The social media giant’s independent oversight board in May upheld its block on Trump, which was enforced in the wake of the Jan. 6 riot at the U.S. Capitol over concerns that his posts were inciting violence.
However, the board ruled it was wrong to make the ban indefinite and gave it six months to determine a “proportionate response.”
Trump’s suspension was effective from the initial date in January and will only be reinstated if conditions permit, Facebook (NASDAQ:FB) said in a blog post.
“Given the gravity of the circumstances that led to Mr. Trump’s suspension, we believe his actions constituted a severe violation of our rules which merit the highest penalty available under the new enforcement protocols,” Facebook said.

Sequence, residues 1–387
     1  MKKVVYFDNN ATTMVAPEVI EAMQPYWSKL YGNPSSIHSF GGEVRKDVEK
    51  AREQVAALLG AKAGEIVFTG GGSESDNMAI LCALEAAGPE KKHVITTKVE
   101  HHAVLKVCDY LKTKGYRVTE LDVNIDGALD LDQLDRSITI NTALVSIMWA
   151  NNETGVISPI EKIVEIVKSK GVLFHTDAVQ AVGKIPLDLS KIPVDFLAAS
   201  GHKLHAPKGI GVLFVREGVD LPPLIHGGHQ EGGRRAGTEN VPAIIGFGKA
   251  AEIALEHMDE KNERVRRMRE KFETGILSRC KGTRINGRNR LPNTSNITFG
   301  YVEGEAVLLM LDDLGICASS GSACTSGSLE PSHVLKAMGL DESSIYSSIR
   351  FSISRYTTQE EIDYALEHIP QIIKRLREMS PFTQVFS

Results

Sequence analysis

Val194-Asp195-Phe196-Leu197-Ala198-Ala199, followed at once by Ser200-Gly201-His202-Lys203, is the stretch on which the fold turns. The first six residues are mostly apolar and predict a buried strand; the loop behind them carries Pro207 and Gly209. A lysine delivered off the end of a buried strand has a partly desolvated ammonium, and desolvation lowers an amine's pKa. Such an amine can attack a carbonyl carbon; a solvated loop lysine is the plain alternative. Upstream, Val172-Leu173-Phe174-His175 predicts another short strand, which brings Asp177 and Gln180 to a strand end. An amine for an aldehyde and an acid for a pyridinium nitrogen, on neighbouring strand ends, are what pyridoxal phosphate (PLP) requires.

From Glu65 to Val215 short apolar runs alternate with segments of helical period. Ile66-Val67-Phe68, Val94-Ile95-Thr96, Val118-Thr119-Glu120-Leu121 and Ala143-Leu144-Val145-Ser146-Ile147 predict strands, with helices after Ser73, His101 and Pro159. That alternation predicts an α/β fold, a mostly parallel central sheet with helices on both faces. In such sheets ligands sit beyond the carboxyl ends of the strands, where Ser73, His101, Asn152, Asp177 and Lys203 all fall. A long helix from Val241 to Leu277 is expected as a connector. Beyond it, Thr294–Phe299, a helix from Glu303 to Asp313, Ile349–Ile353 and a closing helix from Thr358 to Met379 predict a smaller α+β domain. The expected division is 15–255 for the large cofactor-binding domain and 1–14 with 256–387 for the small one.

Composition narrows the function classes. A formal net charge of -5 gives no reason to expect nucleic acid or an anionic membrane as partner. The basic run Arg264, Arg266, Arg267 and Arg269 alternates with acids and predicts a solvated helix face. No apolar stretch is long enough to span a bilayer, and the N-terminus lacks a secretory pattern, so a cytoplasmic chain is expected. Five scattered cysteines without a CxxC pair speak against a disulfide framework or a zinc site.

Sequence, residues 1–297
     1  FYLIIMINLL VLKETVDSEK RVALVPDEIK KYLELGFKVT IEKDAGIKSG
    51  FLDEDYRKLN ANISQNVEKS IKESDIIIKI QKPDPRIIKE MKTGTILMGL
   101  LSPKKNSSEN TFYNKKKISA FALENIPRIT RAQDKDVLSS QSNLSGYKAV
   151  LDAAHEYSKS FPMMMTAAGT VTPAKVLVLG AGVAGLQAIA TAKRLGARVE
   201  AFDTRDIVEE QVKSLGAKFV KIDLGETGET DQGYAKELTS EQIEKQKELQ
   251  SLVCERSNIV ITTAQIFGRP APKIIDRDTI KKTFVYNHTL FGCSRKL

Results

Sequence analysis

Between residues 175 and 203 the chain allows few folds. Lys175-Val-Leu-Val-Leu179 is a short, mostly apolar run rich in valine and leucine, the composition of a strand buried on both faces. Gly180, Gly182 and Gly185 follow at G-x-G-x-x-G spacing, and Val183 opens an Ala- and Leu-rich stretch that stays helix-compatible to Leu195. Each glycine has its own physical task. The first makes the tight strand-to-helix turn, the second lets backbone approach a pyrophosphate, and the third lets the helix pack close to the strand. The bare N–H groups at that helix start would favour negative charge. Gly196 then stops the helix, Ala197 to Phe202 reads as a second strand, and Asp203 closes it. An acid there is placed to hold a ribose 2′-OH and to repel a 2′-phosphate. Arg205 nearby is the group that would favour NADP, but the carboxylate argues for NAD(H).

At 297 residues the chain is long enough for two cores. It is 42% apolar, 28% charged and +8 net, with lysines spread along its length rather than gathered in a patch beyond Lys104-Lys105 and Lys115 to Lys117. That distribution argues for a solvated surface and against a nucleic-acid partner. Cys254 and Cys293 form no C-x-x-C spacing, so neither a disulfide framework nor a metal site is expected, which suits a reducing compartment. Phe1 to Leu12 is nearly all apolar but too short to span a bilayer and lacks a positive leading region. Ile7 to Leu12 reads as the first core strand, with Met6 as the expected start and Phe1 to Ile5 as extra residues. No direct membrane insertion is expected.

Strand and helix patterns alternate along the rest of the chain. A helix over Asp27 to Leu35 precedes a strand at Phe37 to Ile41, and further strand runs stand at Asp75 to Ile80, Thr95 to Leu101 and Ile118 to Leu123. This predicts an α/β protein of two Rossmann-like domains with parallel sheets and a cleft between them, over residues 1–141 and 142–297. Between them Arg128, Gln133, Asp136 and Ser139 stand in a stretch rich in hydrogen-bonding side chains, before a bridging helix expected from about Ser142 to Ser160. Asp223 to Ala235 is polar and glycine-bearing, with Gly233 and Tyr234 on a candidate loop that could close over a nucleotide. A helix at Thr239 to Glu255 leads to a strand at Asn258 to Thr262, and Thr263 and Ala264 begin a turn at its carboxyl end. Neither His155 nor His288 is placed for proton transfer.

The decision came on the same day as Europe and Britain launched formal antitrust investigations into whether Facebook misuses its vast trove of customer data.
Social media companies have grappled in recent years with how to handle world leaders and politicians that violate their guidelines.
Facebook has come under fire from those who think it should abandon its hands-off approach to political speech. But it has also been criticized by those, including Republican lawmakers and some free-expression advocates, who saw the Trump ban as a disturbing act of censorship.
Trump’s suspension was the first time Facebook had blocked a current president, prime minister or head of state.